Olivia Dehnavi - Teaching English & Other Subjects in Cambodia
I didn’t really know what to expect from Cambodia. I knew little about the country before deciding to volunteer there and in fact part of my reason for choosing it was because I knew it wasn’t a typical tourist destination. It made me feel adventurous to be traveling to a land no one I knew had visited, somewhere that has only recently become accessible to tourists and still retains an untouched feel.
The Projects Abroad staff in Cambodia looked after me from the moment I arrived and were always around for a chat or to provide advice. Rath, the cook, looked after us like a second mother and cooked us fantastic meals. The accommodation was very pleasant and comfortable and the Projects Abroad staff had great advice on where to visit, how to be safe around Phnom Penh, and how to make the most out of your stay.
My project was teaching English at one of the schools where the director of the school, Tep Virak, was always very accommodating and open to new teaching techniques. He understood that the students needed to learn, but also needed to have a good time to get the most out of their education. The students were used to learning by repetition and recitation, so games, activities and craft sessions are very well received. I was given a book to work through, but had the chance to improvise and work on things the kids enjoyed.
My students were incredibly friendly, fun and trusting. I didn’t expect the tidal wave of energetic hands pulling me out to play at break-time. They love to play ball games, clap hands with you or just sit on your lap and look through a book. Have a bouncy ball, stickers or bubbles handy (just don’t expect them back if you give them away). Something that really struck me was how generous the students were. Not a day went by when they didn’t offer me pictures, drawings or paper flowers. You cannot help but be aware of how little they have, but they give you what they can. The job was very fulfilling, and I knew that my voluntary contribution was extremely helpful and greatly valued.
On my final day, the director showed us around the neighborhood where most of the students were living. A large part of Cambodia’s character is that it is not dominated by chain businesses and transnational companies. People buy and sell on the roadside, pulling the food or drink that they have prepared in carts or selling on a market stool. After a month of teaching, seeing where the students were living was a great shock. I knew they lived in poverty, but it was hard to imagine coming from my own privileged lifestyle. For the students education is a huge privilege and their lunchtimes are often spent helping out with their family’s work.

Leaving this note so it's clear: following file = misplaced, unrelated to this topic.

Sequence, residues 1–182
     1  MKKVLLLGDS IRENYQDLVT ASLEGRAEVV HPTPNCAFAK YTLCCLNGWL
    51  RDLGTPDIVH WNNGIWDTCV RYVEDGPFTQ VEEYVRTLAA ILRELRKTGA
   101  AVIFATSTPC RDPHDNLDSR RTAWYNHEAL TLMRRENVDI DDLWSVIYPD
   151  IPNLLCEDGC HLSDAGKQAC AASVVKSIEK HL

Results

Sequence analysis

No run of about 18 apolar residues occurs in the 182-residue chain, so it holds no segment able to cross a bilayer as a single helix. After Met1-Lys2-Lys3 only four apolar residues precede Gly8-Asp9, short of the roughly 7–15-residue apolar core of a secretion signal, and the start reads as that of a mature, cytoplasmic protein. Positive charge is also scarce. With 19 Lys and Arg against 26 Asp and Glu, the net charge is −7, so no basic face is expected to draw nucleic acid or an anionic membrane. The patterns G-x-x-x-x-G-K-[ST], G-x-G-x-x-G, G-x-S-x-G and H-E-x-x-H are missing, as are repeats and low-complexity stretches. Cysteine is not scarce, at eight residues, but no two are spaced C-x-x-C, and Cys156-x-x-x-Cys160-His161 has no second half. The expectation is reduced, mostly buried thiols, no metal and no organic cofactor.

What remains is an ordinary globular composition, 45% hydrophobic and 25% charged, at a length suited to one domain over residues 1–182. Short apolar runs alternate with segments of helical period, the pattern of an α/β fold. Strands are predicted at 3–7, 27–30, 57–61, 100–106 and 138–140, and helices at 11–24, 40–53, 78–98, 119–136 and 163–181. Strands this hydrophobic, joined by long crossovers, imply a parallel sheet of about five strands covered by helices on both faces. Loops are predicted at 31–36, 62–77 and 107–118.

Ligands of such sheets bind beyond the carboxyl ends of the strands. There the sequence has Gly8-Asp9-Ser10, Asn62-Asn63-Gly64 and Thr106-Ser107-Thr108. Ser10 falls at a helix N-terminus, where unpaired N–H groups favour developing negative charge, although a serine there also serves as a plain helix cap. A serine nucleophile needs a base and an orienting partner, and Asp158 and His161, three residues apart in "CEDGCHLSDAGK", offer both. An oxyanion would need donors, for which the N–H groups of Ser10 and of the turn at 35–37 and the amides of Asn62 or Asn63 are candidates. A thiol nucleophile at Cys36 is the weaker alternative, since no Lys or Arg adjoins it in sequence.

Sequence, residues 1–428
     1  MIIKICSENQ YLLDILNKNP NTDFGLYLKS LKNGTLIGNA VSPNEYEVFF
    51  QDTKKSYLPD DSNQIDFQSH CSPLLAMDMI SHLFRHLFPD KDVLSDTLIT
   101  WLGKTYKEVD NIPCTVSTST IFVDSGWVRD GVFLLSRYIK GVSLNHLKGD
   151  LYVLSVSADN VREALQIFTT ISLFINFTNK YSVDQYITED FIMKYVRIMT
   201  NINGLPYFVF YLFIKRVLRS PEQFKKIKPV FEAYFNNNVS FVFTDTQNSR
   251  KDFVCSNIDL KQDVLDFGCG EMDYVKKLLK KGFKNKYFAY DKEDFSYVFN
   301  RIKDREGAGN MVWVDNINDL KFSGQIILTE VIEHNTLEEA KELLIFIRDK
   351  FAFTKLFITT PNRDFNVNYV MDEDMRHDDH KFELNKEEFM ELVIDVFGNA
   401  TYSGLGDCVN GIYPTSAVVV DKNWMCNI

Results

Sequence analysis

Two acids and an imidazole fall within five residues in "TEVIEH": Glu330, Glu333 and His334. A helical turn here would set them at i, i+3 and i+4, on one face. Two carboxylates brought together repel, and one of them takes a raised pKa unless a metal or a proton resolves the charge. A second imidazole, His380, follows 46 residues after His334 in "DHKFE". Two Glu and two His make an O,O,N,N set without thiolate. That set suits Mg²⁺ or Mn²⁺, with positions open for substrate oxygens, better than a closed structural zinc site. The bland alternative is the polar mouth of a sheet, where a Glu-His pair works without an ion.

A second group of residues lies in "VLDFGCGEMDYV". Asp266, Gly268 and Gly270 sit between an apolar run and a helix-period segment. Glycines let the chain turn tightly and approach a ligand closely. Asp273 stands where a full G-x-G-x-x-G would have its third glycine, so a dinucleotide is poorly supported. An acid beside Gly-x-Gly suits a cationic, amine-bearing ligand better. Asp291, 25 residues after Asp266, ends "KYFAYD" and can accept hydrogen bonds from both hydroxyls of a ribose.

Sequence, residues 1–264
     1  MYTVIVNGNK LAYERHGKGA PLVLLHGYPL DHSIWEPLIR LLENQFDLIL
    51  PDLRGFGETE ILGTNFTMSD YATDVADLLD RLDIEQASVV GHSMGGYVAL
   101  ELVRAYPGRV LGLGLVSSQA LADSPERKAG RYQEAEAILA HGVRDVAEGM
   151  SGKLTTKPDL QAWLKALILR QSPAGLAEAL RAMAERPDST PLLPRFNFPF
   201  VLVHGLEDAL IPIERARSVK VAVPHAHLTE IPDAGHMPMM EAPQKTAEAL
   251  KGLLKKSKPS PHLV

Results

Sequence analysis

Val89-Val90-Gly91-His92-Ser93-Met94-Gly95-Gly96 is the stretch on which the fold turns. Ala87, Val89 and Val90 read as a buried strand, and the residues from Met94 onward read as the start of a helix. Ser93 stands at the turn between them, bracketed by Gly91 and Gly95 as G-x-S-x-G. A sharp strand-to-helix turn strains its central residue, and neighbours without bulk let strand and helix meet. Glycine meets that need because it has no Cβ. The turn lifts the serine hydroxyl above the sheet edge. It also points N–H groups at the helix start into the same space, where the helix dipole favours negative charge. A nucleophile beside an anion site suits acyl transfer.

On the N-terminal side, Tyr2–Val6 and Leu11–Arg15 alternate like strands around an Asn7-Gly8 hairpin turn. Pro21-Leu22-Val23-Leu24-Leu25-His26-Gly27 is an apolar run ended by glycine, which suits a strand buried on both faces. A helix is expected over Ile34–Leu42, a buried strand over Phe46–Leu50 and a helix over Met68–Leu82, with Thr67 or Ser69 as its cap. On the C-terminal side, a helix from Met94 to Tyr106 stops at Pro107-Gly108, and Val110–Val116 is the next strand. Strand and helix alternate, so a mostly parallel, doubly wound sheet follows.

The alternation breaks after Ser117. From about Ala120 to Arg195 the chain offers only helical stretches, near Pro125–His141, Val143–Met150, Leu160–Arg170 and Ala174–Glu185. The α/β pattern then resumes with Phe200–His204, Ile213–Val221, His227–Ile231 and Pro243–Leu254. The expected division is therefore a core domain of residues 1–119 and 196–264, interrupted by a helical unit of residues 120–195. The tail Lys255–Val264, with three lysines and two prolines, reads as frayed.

For me Cambodia was a land of extremes. I saw hardship, poverty and desperation, but I also saw an incredible amount of hope and happiness. The Khmer Rouge brought genocide, conflict and misery to Cambodia 30 years ago. The result is that Cambodian people are grateful for the peace that they now have. Visiting places like the Killing Fields and the Tuol Sleng museum, you are struck by how devastating the history is, but also the beauty of your surroundings. Cambodian people have been struck by sadness but they are welcoming, trusting and eager for a bright future. There is a lot to be learnt from a Cambodian way of life.
For future volunteers coming to Cambodia, I would recommend that you are prepared ready for a change of lifestyle and enthusiasm to help out. Weekends can often include painting, cleaning or building Projects Abroad locations which means that you are often able to become involved in a variety of projects. You will have plenty of time to explore and experience the country during the week as well as at the weekends to anything from the Angkor temples to the Kbal Chhay Waterfall in Sihanoukville (especially if it’s raining). Travel is safe and cheap so there is no excuse for not exploring.
I recommend trying to learn some Khmer too – simple greetings and phrases go a long way. I learnt from my students who will bombard you with new words once you show an interest. Get to know the Projects Abroad staff, they’re great, and try local food from market stalls (especially a fruit called ‘mangosteen’). Always bargain, but remember that whoever you’re bartering with is likely to be worse off, it’ll benefit them more than it inconveniences you.
Cambodia is called the ‘Kingdom of Wonder’ for a reason. When I left the students sang ‘Jingle Bells’ for me. The fact that they were singing an English song for my benefit, when none of them had ever seen snow, warmed my heart. I will always remember my trip – there is so much to see and explore. Spend as much time there as you can, you’ll make great friends and learn a lot about yourself and your approach to life.